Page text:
Who knew that bamboo was grown in Alabama?
This was the public reception that we most want to overcome. We want to dispel the notion that bamboo should only be associated with pandas and tropical climates with a campaign that leverages surprise and pride of place. At its core, our exhibit is a “black box” pop-up shop in New York City featuring both museum-style bamboo artifacts and more traditional bamboo consumer items. It is an awe-inspiring showcase of the incredible (and surprising) versatility of bamboo, as well as a vehicle for educating our audience on the remarkable truth: that all of the bamboo came from America.
To leverage that surprise, our marketing campaign directly leverages these brand promises of pride-of-place and surprise with a guerrilla teaser campaign, whereby we will “plant” bamboo trees in the most unlikely of places in New York City: in the sidewalk, in the subway, near landmarks, etc… The idea is to use that contrast to help people fundamentally rethink their perception of bamboo, while driving them to the pop-up shop and the website for the grand reveal.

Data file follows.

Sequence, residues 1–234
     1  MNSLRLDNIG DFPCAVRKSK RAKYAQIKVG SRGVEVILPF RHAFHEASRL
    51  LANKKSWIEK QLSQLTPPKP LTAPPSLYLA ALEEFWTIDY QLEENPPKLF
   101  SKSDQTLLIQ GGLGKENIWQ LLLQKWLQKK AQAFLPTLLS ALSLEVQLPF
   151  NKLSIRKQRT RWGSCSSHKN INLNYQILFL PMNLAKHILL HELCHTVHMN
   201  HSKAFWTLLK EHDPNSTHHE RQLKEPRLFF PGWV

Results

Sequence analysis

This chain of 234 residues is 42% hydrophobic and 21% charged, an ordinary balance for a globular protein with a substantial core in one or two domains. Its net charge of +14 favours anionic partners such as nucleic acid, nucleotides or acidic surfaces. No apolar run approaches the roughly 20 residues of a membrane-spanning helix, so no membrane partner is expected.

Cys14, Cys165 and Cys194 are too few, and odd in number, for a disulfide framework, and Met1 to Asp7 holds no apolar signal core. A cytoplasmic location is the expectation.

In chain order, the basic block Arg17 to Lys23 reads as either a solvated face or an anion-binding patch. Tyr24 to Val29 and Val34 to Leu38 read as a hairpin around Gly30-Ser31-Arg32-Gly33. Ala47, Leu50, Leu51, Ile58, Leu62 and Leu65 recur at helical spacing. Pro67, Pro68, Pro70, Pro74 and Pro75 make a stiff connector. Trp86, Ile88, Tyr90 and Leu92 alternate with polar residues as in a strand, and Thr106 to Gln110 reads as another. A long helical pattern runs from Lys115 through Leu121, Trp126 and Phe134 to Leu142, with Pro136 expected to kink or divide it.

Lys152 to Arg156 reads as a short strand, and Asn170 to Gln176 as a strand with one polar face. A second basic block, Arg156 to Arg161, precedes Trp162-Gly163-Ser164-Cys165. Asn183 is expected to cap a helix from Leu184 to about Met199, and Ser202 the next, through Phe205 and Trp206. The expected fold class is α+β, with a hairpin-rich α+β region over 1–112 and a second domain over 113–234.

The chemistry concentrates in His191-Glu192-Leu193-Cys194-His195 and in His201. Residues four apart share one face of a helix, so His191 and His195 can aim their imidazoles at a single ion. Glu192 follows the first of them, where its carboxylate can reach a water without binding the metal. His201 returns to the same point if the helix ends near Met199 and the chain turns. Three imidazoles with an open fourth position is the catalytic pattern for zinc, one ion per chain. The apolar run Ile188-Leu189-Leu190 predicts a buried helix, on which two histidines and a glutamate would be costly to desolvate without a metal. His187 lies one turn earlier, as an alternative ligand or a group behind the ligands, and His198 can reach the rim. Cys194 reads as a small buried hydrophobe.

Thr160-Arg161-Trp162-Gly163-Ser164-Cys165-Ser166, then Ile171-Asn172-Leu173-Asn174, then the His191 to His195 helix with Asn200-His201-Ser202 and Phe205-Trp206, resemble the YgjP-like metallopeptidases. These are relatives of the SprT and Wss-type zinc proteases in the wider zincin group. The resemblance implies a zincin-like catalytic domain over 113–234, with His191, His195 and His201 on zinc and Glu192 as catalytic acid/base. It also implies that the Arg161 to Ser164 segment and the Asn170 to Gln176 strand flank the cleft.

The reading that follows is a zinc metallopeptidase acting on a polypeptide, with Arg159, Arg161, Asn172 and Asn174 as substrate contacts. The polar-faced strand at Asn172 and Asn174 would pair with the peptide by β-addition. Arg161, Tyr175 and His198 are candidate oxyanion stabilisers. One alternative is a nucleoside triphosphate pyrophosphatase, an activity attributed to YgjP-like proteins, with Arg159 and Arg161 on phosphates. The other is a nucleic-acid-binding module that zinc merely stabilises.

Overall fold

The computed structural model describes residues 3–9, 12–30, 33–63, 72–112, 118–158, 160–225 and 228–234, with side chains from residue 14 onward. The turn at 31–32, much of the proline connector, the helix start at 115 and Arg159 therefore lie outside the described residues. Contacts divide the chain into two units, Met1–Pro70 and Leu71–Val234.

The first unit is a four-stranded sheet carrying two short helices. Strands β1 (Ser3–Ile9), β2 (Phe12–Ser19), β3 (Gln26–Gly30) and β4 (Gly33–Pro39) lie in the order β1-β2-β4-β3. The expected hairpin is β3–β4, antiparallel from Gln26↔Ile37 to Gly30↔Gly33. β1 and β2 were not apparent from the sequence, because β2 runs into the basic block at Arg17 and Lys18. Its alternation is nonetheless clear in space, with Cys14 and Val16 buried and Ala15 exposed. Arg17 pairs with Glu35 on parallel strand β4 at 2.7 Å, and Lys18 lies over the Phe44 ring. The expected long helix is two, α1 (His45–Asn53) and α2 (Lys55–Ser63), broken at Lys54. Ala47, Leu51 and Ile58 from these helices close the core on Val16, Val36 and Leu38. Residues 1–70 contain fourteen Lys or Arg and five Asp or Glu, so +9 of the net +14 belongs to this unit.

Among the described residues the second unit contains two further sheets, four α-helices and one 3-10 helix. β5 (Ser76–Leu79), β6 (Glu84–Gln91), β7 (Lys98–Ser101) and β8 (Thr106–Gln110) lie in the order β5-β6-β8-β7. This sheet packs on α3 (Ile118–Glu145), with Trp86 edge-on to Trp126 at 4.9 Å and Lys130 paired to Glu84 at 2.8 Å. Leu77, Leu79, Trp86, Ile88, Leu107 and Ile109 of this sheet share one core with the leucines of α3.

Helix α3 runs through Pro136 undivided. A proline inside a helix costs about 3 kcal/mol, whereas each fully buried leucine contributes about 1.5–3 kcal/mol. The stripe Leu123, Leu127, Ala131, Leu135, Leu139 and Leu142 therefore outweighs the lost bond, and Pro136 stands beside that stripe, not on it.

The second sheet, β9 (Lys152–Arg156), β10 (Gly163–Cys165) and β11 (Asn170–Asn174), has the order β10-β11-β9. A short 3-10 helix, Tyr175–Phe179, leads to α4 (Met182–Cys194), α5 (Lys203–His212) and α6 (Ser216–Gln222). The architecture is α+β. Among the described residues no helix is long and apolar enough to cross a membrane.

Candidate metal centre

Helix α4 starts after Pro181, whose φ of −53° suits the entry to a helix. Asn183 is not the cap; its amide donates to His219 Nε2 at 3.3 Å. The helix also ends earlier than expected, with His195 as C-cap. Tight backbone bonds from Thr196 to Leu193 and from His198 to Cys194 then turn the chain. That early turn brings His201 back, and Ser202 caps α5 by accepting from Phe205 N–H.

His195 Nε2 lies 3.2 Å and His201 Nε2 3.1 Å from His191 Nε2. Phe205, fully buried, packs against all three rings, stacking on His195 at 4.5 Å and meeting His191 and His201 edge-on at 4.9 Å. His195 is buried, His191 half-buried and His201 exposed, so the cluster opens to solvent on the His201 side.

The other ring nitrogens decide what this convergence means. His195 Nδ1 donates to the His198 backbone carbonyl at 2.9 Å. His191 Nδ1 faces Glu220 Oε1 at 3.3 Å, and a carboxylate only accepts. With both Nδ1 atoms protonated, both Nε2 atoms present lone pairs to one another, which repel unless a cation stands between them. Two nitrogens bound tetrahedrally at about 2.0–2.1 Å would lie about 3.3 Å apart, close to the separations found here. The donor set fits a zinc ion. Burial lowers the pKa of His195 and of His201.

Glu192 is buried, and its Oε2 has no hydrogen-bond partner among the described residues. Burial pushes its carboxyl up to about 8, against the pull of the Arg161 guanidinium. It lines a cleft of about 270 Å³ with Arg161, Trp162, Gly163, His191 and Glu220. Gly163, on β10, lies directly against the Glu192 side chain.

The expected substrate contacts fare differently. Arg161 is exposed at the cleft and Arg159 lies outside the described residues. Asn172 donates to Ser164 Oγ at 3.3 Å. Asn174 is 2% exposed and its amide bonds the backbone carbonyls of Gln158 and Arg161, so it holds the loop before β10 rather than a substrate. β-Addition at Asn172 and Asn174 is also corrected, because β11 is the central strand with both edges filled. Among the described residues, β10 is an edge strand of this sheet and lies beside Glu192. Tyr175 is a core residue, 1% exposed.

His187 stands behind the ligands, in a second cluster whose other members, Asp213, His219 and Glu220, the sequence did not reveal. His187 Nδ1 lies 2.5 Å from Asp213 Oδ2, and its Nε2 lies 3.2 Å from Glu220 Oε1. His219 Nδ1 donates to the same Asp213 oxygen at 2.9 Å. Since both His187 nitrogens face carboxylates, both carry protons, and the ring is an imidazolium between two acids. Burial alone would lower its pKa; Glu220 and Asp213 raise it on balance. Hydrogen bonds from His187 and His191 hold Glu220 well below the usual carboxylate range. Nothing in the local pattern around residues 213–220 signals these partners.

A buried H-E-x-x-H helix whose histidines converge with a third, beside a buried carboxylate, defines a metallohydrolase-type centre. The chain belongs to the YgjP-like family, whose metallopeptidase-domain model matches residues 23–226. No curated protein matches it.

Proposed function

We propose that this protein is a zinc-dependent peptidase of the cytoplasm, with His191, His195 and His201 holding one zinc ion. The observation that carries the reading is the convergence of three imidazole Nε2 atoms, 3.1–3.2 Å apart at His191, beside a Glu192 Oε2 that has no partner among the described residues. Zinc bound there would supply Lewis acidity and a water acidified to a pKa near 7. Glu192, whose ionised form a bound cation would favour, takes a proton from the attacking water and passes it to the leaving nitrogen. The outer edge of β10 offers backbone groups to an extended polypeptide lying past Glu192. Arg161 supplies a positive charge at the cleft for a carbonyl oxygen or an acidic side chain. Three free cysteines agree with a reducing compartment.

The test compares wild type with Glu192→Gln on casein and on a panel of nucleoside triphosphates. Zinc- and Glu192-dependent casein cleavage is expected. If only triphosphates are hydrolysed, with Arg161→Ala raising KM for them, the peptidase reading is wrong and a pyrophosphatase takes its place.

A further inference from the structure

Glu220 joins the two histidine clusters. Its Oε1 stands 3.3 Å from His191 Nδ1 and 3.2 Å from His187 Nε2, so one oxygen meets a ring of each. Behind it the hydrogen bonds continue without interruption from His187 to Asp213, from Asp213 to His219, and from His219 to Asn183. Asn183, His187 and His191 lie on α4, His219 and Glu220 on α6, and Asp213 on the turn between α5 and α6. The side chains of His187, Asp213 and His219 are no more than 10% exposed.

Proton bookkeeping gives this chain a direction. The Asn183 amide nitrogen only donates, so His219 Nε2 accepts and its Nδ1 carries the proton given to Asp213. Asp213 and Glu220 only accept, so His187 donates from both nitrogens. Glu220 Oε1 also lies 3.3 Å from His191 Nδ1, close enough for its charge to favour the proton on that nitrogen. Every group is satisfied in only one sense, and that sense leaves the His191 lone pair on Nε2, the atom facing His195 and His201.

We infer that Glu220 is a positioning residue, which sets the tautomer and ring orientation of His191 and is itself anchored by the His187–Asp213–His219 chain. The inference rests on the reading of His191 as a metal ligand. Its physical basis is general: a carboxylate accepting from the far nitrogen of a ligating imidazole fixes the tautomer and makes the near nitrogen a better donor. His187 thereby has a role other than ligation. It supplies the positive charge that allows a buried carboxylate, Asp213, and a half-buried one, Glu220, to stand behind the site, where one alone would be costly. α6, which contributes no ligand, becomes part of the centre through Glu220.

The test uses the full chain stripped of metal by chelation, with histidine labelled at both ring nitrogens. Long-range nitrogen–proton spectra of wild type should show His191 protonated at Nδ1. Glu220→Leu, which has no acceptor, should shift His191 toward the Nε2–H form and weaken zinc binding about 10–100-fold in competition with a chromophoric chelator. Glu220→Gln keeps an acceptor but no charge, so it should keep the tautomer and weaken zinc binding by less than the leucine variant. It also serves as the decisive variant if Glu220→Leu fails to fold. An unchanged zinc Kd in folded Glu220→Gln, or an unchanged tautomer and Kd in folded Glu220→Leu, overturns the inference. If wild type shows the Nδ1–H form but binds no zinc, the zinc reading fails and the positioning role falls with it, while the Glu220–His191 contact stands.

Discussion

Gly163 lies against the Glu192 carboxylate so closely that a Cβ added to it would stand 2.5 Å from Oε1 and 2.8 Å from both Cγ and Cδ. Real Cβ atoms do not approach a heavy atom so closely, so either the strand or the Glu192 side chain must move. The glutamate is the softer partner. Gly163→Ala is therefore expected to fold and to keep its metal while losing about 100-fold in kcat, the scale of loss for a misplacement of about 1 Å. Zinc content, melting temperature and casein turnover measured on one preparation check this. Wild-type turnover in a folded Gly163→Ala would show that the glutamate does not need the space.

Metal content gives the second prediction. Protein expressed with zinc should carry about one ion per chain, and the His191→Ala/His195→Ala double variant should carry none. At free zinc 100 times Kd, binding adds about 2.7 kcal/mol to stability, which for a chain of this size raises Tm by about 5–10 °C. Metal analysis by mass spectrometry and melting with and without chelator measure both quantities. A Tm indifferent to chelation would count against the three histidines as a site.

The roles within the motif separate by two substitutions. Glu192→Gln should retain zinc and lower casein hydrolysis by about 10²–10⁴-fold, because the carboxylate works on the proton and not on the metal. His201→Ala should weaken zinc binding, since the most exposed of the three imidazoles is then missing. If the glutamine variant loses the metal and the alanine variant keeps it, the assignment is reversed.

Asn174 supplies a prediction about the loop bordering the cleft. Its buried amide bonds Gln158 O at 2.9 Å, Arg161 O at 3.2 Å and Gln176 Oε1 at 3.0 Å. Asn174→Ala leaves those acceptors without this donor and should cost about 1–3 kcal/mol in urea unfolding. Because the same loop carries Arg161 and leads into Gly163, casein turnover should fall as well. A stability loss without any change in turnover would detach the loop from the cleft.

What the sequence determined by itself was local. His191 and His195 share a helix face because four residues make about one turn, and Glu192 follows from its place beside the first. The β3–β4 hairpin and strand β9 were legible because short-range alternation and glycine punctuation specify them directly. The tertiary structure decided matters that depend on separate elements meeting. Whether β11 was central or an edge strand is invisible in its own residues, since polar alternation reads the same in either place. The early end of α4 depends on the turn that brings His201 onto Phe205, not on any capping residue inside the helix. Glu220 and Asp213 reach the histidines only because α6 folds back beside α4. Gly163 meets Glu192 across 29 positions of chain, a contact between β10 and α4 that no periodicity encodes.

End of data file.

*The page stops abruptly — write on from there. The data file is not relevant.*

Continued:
Partnerships will be will a fundamental piece to making this work. Like when farmers came together for “Got Milk?”, we are striving to create a holistic brand to raise general awareness for the product. We will bring together both haute-couture designers (who have never worked with bamboo) and bamboo artisans (who would love the chance to meet and work with our designers). Most importantly, we will connect consumers – most of whom had no idea they could purchase local, sustainable bamboo, nor that it could be used with such versatility – with Alabamian bamboo producers to create a flourishing market under one brand umbrella.
See the presentation here: https://www.dropbox.com/s/85ya1eb4mw3gst7/BAMBAM.pdf